Eight ways to perform at your best whilst working or studying
For many of us, it’s been a big transition adjusting to working or studying from home as opposed to being based on campus using the University’s facilities.
Here are eight top tips to help you succeed at home and stay on track to perform at your best.
1. Get dressed
It may sound like an obvious task to some, but making sure you get dressed each morning can prepare you for the day ahead. As tempting as it might be to sit in your pyjamas all day, changing into an outfit will not only improve your state of mind, but you’ll be psychologically prepared to start working or studying too.
You don’t necessarily have to wear smart clothes, do what feels comfortable for you. Once you’ve finished working or revising, you can change back into casual clothes so your brain understands this is your time to relax.
2. Write a to-do list each morning
Stay on track with the tasks ahead of you by writing a daily to-do list. This will help to keep you organised and motivated, and you’ll also feel a real sense of achievement as you manage to cross your tasks off.
Keep it realistic so you don’t get disheartened, and try to tackle the hardest things first. Another top tip is if you know you can complete a task in five minutes, get it done there and then.
3. Stay hydrated
Make sure you keep drinking plenty of fluids whilst you’re at home. Aim to drink around two litres per day, and this can include water, tea, coffee, milk or squash (with no added sugar). You may need to consume more than this depending on factors such as the level of exercise you undertake or your diet.
Try to avoid having too many sugary drinks such as fizzy pop and fruit juice, and find a healthy balance when consuming caffeine.
Staying hydrated keeps your digestive system functioning, controls your temperature, and reduces fatigue, amongst many other benefits.
4. Take regular breaks
Maintain your concentration levels by having regular breaks. Our bodies aren’t meant to sit in the same position in front of a computer all day. Your work or study space at home may not be as ideal as what you are used to at the University, meaning you’re more likely to need to take a break.
Following the Pomodoro Technique is one way of ensuring you take breaks throughout the day: break your day into 25- or 55-minute chunks with five-minute breaks, giving you time to stretch, move around and readjust your posture.
5. Keep your workspace tidy
Avoid distractions by maintaining a clear space for you to revise or work. Having a cluttered space can contribute to us feeling more stressed, whereas keeping the area organised can help you find things quickly and efficiently.
Some people may find additional items such as a photo of their loved ones or a motivational quote helps them to stay productive too.
6. Check in with your colleagues or peers
Don’t forget to speak to your colleagues or friends from your degree course. Organise a video meeting or Facetime session, or pick up the phone. Social isolation can make many people feel lonely and for some, they may be the only ones living in their home, so staying in touch can avoid feelings of loneliness or a low mood.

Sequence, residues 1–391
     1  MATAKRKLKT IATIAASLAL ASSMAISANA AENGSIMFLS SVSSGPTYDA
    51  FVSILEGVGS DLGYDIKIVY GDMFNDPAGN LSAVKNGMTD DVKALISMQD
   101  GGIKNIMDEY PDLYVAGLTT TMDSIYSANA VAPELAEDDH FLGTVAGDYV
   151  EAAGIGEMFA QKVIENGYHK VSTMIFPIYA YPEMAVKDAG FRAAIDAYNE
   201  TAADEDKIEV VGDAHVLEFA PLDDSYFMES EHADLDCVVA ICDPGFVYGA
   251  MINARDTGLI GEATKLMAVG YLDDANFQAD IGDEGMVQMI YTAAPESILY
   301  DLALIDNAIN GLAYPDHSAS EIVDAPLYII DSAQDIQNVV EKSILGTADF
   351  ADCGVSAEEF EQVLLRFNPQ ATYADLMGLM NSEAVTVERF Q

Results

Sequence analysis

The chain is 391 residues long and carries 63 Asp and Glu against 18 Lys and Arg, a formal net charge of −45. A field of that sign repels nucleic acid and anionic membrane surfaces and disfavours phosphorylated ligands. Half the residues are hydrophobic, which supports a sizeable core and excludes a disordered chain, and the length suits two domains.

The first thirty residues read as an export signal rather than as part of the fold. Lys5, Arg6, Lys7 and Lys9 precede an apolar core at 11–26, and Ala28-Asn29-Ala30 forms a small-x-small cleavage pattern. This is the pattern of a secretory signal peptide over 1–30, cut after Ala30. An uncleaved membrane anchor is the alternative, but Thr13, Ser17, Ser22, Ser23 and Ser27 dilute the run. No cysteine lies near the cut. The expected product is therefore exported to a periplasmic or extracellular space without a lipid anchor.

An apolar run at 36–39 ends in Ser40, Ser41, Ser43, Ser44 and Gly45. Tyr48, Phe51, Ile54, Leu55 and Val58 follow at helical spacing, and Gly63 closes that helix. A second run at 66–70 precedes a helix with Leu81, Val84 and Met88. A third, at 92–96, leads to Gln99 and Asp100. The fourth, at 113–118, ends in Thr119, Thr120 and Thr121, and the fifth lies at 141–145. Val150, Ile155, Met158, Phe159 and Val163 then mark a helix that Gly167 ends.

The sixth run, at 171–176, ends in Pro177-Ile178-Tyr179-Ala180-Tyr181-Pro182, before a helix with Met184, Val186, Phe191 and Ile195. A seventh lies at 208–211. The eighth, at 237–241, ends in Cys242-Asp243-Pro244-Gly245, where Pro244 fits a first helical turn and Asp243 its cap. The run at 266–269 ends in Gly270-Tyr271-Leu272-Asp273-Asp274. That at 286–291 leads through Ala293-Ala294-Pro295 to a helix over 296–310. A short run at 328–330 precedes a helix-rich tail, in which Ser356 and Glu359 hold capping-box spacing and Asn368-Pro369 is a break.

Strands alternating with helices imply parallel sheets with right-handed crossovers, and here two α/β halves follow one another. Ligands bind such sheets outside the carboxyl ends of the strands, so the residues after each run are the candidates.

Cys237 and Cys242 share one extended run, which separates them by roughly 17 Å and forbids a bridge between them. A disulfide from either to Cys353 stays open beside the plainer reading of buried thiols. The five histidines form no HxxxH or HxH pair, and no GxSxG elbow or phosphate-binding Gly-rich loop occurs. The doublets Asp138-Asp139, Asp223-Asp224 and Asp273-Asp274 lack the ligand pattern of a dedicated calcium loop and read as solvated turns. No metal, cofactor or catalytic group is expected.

Why not host a virtual revision session with others on your course, or set up a ten-minute video catch up each morning to check how everyone in your team is doing?
7. Remember to exercise and keep moving
Utilise your free time to exercise. You can do this by walking, running or cycling outdoors on your lunch break or before or after you start work. Alternatively, there are plenty of free home workouts available on the internet. Below are just a few examples:
- Loughborough Sport has launched a new website offering a range of workouts suitable for all levels, as well as challenges and competitions to help keep you active during lockdown.
- NHS Move More 10-minute home workouts – includes stretching, cardio and strength sessions
- P.E. with Joe Wicks – available every morning from 9am and suitable for all of the family
8. Set aside time where you can avoid any distractions
Try to dedicate at least an hour each day where you can avoid being interrupted. Many members of the Loughborough Family will have children at home, and some students may be adapting to living back home with their parents, and it can be difficult to not be easily distracted from your studies or tasks.
A study by the University of California found that on average after an interruption it can take us 25 minutes to return and refocus to the original task.
If you don’t have an office, try to set up a room in the house where you can communicate clearly with other members of the household that they should avoid disturbing you unless necessary.
Health and Wellbeing
Wellbeing means being in a positive physical, social and mental state. Wellbeing is important to us as happy, healthy people who achieve harmony in their work / life mix are more creative, productive and help to create a great place to work.